- Keep copies of any maintenance requests or receipts with your lease and other documents.
- If you intend to fix, alter, or do anything to the interior or exterior, make sure provide notice to your landlord in writing and have their permission to do so.
- If you wish to sublease, and if it is permissible to do so under the terms of your lease, make sure you get your landlord’s permission to do so. Preferably, have your sub-leaser just take over the lease completely.
- If you have a serious maintenance issues, notify your landlord immediately. If they fail to respond, again, make sure you document their response in a written letter to your landlord prior to any self-help efforts to fix the matter.
When you move out:
- Provide proper notice to your landlord, as required, prior to your new move date. For a month to month lease, a 30-day notice is typically required. Your lease provides more information.
- Carefully review your closing checklist and thoroughly inspect your rental unit.
- If possible, take pictures of the interior, including appliances, etc.
- Put your new address in the form of a letter, mailed to your rental management company, ideally when you move out but no later than a few days afterward. Ask that your security deposit or any other correspondences be sent there.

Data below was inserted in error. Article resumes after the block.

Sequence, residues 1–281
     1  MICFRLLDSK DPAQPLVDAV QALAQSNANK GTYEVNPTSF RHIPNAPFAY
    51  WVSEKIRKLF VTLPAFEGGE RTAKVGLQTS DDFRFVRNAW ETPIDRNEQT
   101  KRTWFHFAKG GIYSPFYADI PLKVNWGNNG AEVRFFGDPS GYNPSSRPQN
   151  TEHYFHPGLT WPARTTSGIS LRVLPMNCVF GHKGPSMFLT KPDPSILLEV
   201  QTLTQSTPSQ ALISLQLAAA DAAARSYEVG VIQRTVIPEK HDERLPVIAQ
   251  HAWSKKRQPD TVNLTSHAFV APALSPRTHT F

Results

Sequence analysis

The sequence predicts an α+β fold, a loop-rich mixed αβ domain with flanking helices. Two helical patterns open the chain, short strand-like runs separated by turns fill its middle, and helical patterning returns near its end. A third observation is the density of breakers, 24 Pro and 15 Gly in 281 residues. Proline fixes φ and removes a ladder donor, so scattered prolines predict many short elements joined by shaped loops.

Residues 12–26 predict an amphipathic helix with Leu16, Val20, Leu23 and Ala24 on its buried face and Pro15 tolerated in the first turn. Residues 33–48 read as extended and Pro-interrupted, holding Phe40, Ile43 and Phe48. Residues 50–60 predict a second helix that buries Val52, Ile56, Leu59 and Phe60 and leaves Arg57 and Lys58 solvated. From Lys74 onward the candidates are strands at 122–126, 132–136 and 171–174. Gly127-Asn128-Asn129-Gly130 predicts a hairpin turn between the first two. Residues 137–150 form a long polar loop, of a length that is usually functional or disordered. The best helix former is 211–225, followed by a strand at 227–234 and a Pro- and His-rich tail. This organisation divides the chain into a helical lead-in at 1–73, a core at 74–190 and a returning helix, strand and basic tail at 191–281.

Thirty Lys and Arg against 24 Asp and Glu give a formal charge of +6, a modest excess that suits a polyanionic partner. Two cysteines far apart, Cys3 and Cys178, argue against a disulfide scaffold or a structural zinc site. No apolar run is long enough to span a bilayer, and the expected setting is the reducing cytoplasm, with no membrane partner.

- If there are any issues after you move, document them and respond in writing. Phone calls alone are not enough; Michigan law requires written notice for many things.
If you end up in litigation with your landlord, legal assistance may be available regardless of your income level.
Legal clinics like the Michigan State University College of Law, Rental Housing Clinic, have excellent resources available online and may provide tenants or landlords with legal services if eligible.
There are also Legal Aid services available state-wide depending on income and screening eligibility.
Some courts may even provide free or low-cost legal services for tenants. However, please note this varies significantly depending on the county and local district court, so always call the your district court and check; do not assume these services will always be available.
Lastly, there are referral services including: The Michigan State Bar Lawyer Referral Information Service (800) 968-0738, among others. These referral services may provide a list of local attorneys who may be able to provide further assistance.
This is not an exhaustive list.
Both landlords and tenants have rights and responsibilities. Landlord-tenant agreements are an affordable and viable way to obtain housing. However, the parties must always remember that these leases carry significant legal obligations and require a certain amount of patience and cooperation by both the tenant and the landlord.
Our office frequently handles this types of matters. For a free initial consultation, feel free to contact us at (517) 507-5077.
For more information on Notices to quit/terminate tenancy, a key form required to be provided to a vast majority of tenants prior to commencing eviction proceedings, click here.
For more information on Michigan’s Summary Proceeding Act, click here.
For information on the differences between month-to-month versus fixed term leases, please click here.